Jewish Porcelain Stolen by Nazis Found in Rijksmuseum

Parts of a porcelain crockery set said to have been stolen from a Jewish family by the Nazis have been discovered in the Het Loo Palace, the Rijksmuseum and a few other museums in The Netherlands, according to the Telegraaf.

15 pieces of porcelain were discovered and are assumed to be a part of a dinner service once belonging to the Gutmann family. The dinner service was auctioned off by the Nazis in 1934. The items form part of a 435-piece dinner service originally given to Dutch stadhouder Willem V during 1774 by the Dutch East Indies company (VOC). The set features beautiful scenes of Dutch cities and villages from that time.

Willem V sold the service when he was exiled in England. Later on, 26 pieces of the crockery set were bought by Mr Herbert Gutmann, son of Eugen Gutmann who founded Dresdner Bank.

Artiaz, the Amsterdam Research Bureau has been examining the sale using old auction documents. Six pieces have recently been identified in Het Loo, one of the Dutch royal family’s palaces.

According to de Telegraaf, another six pieces have been located at Zuiderzee Museum in Enkhuizen. Additionally, a single piece has been found in the Rijksmuseum in Amsterdam, the Streekmuseum in Tiel and the Historisch Museum in Deventer.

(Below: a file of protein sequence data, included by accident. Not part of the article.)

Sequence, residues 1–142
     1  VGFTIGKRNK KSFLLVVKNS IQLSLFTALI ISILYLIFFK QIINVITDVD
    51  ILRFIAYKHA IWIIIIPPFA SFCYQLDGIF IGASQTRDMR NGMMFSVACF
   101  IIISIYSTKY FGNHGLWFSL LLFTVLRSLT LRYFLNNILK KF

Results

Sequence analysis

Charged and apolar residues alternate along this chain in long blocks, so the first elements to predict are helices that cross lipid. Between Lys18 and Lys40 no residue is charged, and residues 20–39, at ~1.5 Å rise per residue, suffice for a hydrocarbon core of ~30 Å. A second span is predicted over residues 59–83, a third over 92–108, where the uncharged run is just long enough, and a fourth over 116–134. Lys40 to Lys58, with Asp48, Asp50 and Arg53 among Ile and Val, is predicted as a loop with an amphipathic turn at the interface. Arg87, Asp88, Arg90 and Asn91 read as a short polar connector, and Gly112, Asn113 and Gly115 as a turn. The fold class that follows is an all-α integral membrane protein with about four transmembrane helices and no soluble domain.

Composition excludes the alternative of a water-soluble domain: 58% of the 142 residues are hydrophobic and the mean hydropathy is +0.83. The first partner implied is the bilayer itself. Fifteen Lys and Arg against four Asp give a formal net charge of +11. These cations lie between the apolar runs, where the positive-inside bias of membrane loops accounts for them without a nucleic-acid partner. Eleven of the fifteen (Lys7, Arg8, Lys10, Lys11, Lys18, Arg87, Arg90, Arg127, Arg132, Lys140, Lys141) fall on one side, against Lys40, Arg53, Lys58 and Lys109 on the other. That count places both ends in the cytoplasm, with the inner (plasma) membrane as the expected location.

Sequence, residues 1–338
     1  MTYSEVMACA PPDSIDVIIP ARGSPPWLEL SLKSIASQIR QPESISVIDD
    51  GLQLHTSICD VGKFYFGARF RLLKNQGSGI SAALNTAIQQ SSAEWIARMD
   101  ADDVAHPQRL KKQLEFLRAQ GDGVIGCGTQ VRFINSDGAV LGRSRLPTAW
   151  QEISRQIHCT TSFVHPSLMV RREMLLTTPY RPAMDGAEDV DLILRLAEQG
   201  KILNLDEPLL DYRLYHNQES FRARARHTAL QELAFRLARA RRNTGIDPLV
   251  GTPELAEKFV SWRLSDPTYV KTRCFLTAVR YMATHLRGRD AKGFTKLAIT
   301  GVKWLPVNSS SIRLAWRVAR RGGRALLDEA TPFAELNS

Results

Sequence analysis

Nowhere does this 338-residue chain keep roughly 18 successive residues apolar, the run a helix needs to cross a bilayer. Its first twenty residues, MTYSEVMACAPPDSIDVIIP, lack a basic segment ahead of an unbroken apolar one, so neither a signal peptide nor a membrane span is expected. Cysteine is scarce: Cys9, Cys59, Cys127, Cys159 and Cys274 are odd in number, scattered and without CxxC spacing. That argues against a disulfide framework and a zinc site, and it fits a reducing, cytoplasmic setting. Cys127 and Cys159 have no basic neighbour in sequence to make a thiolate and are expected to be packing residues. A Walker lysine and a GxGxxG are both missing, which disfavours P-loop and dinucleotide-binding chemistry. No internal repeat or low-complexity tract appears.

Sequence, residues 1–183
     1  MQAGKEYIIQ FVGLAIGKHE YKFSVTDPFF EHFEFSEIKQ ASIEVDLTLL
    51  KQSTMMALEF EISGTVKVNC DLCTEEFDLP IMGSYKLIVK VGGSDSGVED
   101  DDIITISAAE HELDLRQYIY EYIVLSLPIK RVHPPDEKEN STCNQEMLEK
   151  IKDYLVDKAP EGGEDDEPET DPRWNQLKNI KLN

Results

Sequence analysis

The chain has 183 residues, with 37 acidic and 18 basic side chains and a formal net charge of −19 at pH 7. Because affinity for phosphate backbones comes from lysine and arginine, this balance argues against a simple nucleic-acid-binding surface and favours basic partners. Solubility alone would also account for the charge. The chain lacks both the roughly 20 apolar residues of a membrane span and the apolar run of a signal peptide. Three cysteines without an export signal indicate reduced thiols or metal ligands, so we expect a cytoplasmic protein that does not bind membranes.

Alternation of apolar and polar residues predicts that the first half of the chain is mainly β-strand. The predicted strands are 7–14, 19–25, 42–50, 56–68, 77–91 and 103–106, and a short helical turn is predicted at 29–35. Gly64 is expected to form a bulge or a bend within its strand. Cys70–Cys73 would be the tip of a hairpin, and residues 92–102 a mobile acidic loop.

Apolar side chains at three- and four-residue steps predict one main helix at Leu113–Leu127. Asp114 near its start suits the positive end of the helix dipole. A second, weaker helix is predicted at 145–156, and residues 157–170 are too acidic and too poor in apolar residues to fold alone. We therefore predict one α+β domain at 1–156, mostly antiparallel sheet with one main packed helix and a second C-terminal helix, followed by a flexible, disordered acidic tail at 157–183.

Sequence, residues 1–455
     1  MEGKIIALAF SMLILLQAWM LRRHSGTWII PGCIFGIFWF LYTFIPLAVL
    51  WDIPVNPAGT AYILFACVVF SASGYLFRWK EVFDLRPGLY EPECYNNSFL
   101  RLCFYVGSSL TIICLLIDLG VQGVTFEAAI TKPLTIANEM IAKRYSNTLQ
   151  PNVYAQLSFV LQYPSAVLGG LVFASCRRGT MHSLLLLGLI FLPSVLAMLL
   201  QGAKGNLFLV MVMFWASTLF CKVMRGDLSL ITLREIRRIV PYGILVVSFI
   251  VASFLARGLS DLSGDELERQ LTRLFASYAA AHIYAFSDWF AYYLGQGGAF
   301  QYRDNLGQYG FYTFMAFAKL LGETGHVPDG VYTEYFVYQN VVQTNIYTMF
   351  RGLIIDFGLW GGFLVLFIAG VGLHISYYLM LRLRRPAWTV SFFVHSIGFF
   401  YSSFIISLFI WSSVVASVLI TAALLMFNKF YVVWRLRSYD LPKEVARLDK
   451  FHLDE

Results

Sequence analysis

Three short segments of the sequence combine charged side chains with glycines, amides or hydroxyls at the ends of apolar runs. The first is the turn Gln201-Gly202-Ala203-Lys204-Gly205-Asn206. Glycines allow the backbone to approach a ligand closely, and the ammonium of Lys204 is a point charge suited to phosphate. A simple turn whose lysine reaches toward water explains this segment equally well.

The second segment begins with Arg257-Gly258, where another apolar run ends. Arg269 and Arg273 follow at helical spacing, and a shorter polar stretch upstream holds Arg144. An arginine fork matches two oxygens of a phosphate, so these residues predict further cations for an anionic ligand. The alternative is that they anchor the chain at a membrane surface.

The German research group ‘Facts and Files’ added that they are busy researching the case of the missing dinner service and they have confirmed that fifteen sauce boats and plates are still missing.

Het Loo Foundation and the Rijksmuseum are taking the case seriously and are undergoing further investigations into the remaining missing pieces of the set.

 

Source: DutchNews.nl

Photo credit: Flickr

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Elizabeth Joss

Elizabeth Joss is the founder and main writer at The Museum Times. She works as a university lecturer by day and is an avid travel blogger and arts and culture enthusiast by night. Elizabeth started The Museum Times out of the need to give smaller, lesser-known museums more exposure.

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